Friday, January 30, 2009

30 January 1955 "Poet, Pulp, and Patterns"

Although I know this is current news, but John Updike died on the 27th of January and I just now found out from my husband (again, no modern news and such for me except what hubby mentions.)
This is a picture of him in 1955, which I was lucky enough to find. Though I would not be too familiar with him this year, some of his poetry and short stories were about in magazines. His famous 'Rabbit' series wouldn't be started until 1960. He was a great poet and writer. This year has really brought me to face with my mortality. It is a good thing, I think, as so many of us just get up and schlub through our days as if they are never ending. Well, really we better do and enjoy what we can, they are not here always. I am glad for this project and know that what I gain this year in knowledge, fun, experience, and yes even the blues and sadness, are going to be important to me as I grow old.

This is from a poem Updike wrote last year (2008)

It came to me the other day:
Were I to die, no one would say,
'Oh, what a shame! So young, so full
Of promise - depths unplumbable!
Instead, a shrug and tearless eyes
Will greet my overdue demise;
The wide response will be, I know,
'I thought he died a while ago.'
For life's a shabby subterfuge,
And death is real, and dark, and huge.
The shock of it will register
Nowhere but where it will occur.

This is also a nice poem ( I hope you don't mind my putting these in) and although this Updike poem was not published until 1960 in the new yorker, it was in response to experiments done this year in 1955 by Clyde L. Cowan and Frederick Reines called the Neutrino Experiment. This experiment confirmed the existence of the antineutrino—a neutrally charged subatomic particle with very low mass

Cosmic Gall
Neutrinos they are very small.
They have no charge and have no mass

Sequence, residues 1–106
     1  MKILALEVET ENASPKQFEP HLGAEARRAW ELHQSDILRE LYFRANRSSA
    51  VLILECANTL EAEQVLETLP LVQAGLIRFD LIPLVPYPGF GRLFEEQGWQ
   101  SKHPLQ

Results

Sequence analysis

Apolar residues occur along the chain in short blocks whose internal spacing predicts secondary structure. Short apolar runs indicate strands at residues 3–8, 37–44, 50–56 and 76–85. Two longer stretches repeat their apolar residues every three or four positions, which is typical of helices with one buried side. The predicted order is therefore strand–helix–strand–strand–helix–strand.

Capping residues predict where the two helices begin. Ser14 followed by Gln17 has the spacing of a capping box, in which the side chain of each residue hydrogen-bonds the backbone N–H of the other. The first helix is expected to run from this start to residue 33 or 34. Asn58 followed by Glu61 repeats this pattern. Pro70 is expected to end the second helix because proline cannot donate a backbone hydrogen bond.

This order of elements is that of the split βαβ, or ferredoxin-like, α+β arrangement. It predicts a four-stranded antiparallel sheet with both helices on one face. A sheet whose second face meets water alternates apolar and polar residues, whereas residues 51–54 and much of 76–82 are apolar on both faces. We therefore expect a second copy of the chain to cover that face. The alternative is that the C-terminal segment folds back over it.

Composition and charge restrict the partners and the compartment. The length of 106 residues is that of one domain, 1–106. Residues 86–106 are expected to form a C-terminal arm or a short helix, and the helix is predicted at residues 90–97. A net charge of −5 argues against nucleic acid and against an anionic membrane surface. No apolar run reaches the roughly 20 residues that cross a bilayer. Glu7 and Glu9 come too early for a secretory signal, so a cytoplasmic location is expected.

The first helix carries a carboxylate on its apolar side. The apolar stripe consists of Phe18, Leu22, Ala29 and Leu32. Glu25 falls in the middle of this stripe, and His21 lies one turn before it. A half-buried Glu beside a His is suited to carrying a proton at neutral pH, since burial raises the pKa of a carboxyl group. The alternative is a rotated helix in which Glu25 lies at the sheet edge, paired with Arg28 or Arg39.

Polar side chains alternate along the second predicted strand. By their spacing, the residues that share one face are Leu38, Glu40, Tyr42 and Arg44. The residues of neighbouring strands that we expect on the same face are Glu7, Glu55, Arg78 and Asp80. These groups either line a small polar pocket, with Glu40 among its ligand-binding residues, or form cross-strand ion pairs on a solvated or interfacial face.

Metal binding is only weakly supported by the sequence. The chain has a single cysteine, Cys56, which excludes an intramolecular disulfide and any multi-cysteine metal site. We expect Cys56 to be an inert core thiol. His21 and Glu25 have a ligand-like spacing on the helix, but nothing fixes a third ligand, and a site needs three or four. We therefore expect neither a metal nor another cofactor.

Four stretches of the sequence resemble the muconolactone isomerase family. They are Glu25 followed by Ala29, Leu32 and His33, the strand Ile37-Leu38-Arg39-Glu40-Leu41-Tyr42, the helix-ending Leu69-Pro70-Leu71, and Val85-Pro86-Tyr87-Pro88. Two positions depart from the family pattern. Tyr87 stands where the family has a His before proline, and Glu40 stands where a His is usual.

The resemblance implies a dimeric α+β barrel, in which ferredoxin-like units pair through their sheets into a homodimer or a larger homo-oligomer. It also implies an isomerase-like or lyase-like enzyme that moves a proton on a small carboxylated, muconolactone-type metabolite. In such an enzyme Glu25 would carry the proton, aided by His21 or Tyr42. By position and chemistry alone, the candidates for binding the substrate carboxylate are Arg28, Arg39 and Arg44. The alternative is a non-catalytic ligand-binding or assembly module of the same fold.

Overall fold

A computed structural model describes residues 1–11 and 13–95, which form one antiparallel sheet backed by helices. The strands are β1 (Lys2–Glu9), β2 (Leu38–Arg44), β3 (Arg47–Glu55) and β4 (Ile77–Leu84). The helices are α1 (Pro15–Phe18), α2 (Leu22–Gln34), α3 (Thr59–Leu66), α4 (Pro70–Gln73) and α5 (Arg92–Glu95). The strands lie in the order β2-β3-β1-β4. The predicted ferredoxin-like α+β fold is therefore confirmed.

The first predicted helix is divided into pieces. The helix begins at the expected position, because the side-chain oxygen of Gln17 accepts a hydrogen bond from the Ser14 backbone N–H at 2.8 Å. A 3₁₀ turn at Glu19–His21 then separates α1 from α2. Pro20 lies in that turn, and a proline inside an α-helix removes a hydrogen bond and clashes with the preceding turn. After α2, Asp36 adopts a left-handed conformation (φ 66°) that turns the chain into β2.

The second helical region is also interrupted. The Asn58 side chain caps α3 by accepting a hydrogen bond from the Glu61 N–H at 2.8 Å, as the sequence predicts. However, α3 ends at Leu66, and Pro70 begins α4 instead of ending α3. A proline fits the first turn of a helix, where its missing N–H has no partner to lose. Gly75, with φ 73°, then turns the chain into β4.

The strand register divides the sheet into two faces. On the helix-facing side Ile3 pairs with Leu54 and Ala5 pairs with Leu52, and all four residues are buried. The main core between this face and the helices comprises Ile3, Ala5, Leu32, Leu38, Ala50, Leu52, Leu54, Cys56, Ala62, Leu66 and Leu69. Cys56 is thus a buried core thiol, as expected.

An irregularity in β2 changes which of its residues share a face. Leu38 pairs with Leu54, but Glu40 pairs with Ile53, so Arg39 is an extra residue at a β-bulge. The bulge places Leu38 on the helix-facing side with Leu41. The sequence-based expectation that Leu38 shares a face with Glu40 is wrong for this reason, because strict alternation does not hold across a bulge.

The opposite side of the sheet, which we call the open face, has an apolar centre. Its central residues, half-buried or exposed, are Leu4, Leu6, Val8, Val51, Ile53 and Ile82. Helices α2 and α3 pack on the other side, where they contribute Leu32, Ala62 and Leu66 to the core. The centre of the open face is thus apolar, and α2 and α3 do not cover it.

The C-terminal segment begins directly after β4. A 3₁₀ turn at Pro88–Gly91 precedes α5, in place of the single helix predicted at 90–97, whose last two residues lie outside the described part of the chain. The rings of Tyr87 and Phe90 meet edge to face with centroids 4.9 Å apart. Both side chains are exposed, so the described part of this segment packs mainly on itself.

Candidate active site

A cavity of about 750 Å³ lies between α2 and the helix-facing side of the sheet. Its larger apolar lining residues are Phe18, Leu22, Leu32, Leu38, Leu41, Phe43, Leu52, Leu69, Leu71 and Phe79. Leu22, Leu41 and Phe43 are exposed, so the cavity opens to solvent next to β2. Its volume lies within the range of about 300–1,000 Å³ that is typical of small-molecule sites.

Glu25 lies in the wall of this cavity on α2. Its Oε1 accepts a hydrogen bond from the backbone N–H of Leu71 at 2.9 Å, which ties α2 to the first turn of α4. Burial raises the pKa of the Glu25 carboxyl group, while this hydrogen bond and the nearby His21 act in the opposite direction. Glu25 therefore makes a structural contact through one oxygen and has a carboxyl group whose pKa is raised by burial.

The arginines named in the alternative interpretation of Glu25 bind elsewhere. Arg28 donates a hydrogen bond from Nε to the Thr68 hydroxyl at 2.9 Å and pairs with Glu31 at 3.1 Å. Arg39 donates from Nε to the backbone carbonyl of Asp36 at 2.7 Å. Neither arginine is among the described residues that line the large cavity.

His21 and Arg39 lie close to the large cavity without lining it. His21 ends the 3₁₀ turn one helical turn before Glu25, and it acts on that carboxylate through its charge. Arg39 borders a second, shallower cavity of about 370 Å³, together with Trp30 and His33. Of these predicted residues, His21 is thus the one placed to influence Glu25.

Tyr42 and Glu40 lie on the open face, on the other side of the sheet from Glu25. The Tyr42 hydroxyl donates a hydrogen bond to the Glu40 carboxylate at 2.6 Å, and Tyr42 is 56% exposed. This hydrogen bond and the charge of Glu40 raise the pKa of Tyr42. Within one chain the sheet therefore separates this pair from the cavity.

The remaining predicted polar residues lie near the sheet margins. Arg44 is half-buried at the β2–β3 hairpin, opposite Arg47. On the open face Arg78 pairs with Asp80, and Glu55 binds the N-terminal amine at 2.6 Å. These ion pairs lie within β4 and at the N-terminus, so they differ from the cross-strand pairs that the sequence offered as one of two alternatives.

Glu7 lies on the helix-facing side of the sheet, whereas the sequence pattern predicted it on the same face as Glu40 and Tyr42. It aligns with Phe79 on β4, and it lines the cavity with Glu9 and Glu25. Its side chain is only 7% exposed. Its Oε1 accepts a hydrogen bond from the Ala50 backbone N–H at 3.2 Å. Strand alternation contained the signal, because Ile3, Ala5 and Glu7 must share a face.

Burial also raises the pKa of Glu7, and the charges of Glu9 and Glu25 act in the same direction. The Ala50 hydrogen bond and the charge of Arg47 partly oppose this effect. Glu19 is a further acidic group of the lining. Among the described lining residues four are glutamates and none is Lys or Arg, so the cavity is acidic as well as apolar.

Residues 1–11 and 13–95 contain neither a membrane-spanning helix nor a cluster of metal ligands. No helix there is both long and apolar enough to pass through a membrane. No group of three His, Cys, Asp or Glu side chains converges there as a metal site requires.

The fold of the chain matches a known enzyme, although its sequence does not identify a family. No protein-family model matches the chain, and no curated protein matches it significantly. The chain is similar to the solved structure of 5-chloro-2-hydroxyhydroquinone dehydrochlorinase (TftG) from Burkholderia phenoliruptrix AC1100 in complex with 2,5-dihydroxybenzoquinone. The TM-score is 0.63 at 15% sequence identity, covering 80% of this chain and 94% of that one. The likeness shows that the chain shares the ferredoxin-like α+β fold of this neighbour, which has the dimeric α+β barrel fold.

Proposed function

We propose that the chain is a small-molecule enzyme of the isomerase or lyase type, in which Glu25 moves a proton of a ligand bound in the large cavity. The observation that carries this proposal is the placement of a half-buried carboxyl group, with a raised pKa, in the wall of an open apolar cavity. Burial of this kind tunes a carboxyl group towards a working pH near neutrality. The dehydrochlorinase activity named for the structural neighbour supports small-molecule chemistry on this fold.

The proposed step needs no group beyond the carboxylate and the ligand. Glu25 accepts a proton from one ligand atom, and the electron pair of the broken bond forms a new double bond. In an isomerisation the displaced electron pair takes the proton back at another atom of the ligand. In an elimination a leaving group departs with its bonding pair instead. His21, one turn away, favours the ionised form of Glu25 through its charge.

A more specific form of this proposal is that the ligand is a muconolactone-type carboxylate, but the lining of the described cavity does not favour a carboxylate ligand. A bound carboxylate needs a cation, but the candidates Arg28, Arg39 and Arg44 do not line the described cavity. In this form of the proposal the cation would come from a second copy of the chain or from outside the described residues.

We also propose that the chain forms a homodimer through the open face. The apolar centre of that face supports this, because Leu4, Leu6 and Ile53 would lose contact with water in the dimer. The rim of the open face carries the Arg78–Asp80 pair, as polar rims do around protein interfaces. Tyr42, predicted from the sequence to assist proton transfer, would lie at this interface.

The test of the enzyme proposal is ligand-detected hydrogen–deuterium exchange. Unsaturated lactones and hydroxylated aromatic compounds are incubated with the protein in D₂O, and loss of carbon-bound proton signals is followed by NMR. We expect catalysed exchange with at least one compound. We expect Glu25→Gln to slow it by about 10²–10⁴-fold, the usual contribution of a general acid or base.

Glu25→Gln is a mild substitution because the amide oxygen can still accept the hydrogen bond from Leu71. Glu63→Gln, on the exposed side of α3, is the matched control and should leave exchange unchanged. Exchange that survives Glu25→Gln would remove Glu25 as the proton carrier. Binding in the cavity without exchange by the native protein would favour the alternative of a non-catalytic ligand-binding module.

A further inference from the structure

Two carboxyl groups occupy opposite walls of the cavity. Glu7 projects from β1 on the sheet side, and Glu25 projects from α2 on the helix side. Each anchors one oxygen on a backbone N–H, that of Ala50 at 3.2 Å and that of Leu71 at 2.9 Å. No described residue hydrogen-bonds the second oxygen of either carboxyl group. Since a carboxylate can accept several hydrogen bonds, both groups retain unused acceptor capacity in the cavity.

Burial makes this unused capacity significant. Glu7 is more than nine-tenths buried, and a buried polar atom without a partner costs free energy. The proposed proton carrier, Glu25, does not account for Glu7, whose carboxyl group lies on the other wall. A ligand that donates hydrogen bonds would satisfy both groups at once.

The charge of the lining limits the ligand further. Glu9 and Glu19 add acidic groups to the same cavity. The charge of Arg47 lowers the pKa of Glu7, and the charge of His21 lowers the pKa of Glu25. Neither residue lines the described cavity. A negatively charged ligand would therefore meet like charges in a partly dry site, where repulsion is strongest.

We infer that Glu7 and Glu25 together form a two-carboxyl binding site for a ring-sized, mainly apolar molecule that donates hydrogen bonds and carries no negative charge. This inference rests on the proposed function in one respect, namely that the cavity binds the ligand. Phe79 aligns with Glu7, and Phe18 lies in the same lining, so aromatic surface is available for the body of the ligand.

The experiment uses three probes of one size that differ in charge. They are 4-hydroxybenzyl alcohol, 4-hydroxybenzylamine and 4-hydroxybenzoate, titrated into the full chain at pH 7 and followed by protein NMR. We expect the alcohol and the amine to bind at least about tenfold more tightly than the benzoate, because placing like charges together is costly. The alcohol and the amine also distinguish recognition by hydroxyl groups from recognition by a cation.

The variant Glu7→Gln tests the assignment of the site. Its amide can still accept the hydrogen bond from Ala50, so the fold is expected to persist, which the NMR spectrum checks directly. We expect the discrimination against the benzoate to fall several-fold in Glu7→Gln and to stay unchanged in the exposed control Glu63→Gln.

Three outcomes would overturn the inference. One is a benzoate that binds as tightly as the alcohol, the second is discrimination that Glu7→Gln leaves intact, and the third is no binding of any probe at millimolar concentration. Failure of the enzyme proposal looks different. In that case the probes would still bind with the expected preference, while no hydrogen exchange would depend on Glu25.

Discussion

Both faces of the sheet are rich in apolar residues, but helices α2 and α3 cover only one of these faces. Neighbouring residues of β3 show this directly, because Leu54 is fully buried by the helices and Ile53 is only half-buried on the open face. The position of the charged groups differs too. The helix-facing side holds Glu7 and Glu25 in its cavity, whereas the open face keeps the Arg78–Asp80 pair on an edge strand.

And do not interact at all.
The earth is just a silly ball
To them, through which they simply pass,
Like dustmaids down a drafty hall
Or photons through a sheet of glass.
They snub the most exquisite gas,
Ignore the most substantial wall,
Cold-shoulder steel and sounding brass,
Insult the stallion in his stall,
And, scorning barriers of class,
Infiltrate you and me! Like tall
And painless guillotines, they fall
Down through our heads into the grass.
At night, they enter at Nepal
And pierce the lover and his lass
From underneath the bed—you call
It wonderful; I call it crass.

R.I.P. John Updike.
It is funny and interesting how much of the modern world is being made here in 1955. The computer, medicine, tv, advertsing, grocery stores, premade foods, the list goes on. What is so very normal to all of us only began this short while ago.

Here is some interesting pulp, another modern ideal:

I guess this is the equivalent of Maxim magazine in my time. I LOVE that bathing suit however. I think if and when I return to 2010 there will NOT be a return to lowrise pants, skirts, bathing suit bottoms. I love never having to worry about bending over and wondering if my behind is sticking out. I also like displaying the fact that woman have waists!

It looks like if I wanted to read this little deadly, I'd have to keep it hidden. I can see me now, slipping into the pantry with a biscuit in my apron pocket and a cup of tea. I look around and casually saunter over to the tins of extra Flour. With a deft hand, this book slids out, slighty powdered from its hiding place. I lean against the counter, eyes glued to the dog-earred and well worn page, sliding the biscuit from my pocket to my lips. I nibble, wide-eyed, unwary of the abstract pattern the crumbs are making on my apron front.